Privacy and Security

A hacker called “The Collector” offers 1.7 billion email passwords for sale, stolen from all of the most popular online email services. The hacker is selling the entire package for $1, asking only that positive reviews be posted on a hacker forum. Experts recommend changing passwords for email as well as any other sites where the same password was used.


Privacy advocates question Sharp Grossmont Hospital’s (CA) use of OR video surveillance in trying to determine which team members were stealing drugs. The hospital hid motion-activated cameras inside the computer monitors of anesthesia machines, thereby capturing video of every delivery and tubal ligation over a year without patient consent. The hospital says the videos show the doctor they suspected pocketing drugs, but the doctor says he was just keeping them handy and other videos show the doses being used on patients. The hospital doesn’t want to give the doctor’s lawyers access to the videos, saying they would invade the privacy of Sharp HealthCare, employees, and physicians.



The mainstream press picks up an FDA MAUDE database adverse event report filed by Merge Healthcare in which an unnamed hospital customer ignored the company’s antivirus configuration instructions for its Merge Hemo cath lab documentation system, failing to exclude huge medical imaging and data files. The hourly scans caused an incident described as, “A customer reported to Merge Healthcare that, in the middle of a heart catheterization procedure, the hemo monitor PC lost communication with the hemo client and the hemo monitor went black … there was a delay of about five minutes while the patient was sedated so that the application could be rebooted.”

A TransUnion Healthcare survey finds that three-quarters of consumers are worried about increasing healthcare costs as they watch their premiums, co-pays, and deductibles increase even before the 2017 rate increases. I have to assume that the 25 percent who don’t care about healthcare costs are funded in some way by taxpayers who do.

Study authors determine that medical mistakes kill more Americans than all other causes except heart disease and cancer. The study involves quite a few assumptions since death certificates don’t include codes for medical errors and BMJ seems awfully promotional in touting the article, but regardless of methodology, all of us working in healthcare know that patients die because of our screw-ups. Still, it’s hard to say definitively that a given medical error killed a patient, just like it’s hard to say that a given patient died of cancer rather than of chemotherapy complications.


An LA Times investigative report finds that Purdue Pharma, which has sold $31 billion worth of the narcotic OxyContin, knew that the drug didn’t really offer 12-hour relief as its packing claims, but it  stuck to those claims because the 12-hour dose was the only advantage the patented drug had over older, cheaper alternatives. The company instructed sales reps to tell doctors to increase the dose rather giving it more often, causing many patients to be ordered dangerously high doses and to go into withdrawal even while failing to achieve pain relief, feeding a cycle of addiction in which seven million Americans have abused the drug. Meanwhile, the company’s owners (the Sackler family whose name adorns several art museums) have amassed a $14 billion fortune.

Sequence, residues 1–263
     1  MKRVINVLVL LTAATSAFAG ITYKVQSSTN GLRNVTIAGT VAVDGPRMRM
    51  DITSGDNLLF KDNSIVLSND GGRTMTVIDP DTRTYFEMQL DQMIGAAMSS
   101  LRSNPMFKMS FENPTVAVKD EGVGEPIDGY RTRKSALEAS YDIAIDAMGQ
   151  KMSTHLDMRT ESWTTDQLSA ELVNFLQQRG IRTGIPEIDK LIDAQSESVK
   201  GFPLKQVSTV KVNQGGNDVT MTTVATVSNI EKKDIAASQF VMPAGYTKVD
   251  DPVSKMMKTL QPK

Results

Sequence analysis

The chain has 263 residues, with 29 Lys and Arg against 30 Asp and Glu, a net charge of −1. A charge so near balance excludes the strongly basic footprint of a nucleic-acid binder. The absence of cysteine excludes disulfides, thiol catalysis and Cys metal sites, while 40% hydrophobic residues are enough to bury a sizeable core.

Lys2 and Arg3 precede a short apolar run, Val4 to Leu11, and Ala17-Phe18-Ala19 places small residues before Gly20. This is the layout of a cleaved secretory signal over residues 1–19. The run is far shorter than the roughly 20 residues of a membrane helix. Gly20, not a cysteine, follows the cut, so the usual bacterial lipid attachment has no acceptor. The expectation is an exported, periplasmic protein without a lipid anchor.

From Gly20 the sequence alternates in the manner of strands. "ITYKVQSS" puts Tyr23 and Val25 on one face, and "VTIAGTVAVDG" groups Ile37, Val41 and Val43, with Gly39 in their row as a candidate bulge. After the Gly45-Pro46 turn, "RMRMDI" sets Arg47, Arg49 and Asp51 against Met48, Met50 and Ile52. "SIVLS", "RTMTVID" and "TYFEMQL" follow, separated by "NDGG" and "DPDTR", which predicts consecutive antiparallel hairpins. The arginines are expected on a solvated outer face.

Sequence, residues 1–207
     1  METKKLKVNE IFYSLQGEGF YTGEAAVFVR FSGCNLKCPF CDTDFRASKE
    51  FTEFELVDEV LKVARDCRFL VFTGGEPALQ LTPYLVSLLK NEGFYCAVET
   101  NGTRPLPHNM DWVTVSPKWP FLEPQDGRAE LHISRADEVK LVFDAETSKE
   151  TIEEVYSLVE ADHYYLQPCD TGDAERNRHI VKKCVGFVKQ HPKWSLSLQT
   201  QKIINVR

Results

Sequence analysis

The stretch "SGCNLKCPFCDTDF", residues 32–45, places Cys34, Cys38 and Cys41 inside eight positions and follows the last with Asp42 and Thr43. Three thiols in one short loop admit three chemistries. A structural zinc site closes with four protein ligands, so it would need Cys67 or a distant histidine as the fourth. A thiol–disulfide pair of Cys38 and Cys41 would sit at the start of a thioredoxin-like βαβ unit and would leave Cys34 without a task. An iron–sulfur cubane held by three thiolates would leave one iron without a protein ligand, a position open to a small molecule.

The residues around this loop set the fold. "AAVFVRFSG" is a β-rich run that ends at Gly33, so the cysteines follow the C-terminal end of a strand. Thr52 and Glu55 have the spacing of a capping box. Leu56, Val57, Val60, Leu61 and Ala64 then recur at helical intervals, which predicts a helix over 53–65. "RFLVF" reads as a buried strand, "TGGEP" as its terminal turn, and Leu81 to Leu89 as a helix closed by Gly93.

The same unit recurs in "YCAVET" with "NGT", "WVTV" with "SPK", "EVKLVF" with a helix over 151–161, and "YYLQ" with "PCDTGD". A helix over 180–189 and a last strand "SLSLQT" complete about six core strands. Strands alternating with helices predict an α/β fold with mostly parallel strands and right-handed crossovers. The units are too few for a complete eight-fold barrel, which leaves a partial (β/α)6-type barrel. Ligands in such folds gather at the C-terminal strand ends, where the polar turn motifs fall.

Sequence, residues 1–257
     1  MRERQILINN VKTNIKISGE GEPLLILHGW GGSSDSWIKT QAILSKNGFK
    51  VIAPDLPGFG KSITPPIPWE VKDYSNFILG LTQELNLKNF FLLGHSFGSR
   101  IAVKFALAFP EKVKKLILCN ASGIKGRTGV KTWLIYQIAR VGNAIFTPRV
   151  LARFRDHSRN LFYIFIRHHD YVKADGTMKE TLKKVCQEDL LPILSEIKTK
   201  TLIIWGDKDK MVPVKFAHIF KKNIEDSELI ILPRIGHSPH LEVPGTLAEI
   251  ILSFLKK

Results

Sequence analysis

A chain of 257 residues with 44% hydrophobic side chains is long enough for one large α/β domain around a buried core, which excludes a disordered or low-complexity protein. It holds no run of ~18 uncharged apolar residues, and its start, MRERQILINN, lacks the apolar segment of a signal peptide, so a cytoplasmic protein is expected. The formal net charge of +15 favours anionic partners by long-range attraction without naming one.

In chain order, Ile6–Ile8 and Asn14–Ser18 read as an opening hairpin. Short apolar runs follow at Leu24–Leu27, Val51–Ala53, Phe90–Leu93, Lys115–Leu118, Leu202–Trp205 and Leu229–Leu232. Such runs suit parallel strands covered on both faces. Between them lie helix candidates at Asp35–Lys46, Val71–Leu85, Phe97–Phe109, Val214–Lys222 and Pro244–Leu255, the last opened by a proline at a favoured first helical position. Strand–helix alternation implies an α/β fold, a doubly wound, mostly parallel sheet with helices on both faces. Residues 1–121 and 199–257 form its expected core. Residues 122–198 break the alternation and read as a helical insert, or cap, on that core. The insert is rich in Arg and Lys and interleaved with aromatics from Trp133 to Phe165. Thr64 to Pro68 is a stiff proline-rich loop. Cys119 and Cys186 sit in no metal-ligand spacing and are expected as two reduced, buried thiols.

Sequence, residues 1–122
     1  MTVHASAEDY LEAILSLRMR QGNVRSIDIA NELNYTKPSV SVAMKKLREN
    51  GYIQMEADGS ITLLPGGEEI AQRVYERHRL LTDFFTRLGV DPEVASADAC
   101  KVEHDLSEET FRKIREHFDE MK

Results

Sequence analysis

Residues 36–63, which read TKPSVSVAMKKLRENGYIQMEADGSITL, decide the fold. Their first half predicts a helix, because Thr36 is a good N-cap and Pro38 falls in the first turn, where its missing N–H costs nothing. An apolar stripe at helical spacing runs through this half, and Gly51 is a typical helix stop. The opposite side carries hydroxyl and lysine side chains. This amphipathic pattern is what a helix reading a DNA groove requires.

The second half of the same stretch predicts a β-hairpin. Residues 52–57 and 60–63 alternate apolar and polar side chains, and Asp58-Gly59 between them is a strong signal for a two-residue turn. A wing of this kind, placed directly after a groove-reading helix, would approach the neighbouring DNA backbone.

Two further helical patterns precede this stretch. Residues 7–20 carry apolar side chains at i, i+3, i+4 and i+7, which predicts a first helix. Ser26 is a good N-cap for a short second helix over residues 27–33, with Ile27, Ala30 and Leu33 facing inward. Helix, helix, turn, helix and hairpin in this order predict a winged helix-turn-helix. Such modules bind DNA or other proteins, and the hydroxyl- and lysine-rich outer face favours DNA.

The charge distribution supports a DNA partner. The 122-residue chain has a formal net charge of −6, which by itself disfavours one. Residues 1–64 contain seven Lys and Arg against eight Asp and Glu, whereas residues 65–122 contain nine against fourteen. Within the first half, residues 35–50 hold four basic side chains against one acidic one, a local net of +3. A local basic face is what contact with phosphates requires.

Sponsor Updates

  • Ingenious Med launches a year-long bus tour to offer guidance to providers on how to lower costs through improved care.
  • Influence Health announces the 2016 EHealth Excellence Award winners.
  • Cumberland Consulting Group is rated by KLAS as the top-performing targeted Epic consulting firm.
  • InstaMed sponsors the 21st annual Taste for a Cure at UCLA Health.
  • PokitDok joins CommonWell Health Alliance.
  • Visage Imaging will exhibit at ACR 2016 May 16-17 in Washington, DC.
  • Netsmart will exhibit at the Decision Coordinated Health Care Summit May 9 in Baltimore.
  • Obix Perinatal Data System will exhibit at the Philadelphia Pregnancy Center Prenatal Summit May 5-7 in Philadelphia.

Blog Posts


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Currently there are "6 comments" on this Article:

  1. Regarding the new HIMSS level 7 organization in the Middle East. It’s great news that there is now a HIMSS Level 7 hospital site in the Middle East. This is the success of that organization, who undoubtedly worked very hard to achieve this recognition, not their vendor. Cerner and Epic have proven their system abilities, I doubt they will even care, so let’s not make this news about vendors and celebrate the eye hospital’s success.

  2. I don’t believe any ME organizations running Epic have been live long enough to apply for Stage 7…

  3. @ Hal Baker,
    Do not believe everything you read on vendors websites.
    I just checked HIMSS website below and King Faisal in Riyahd is nowhere to be seen.
    There are currently only 3 Hospitals and China and 1 in Korea in the whole Asian continent with Stage 7. So if the Intersystems site achieves stage 7 as per this rumor, they will undoubtedly be the first. Let’s all wait and see.


  4. @ John Jones – The claim in the original post was that King Khaled Eye will be the first hospital in the middle east to achieve himss Stage 7, not just one department within a primary care service within a hospital.
    One could argue that Hal Baker’s post is wrong not to say misleading.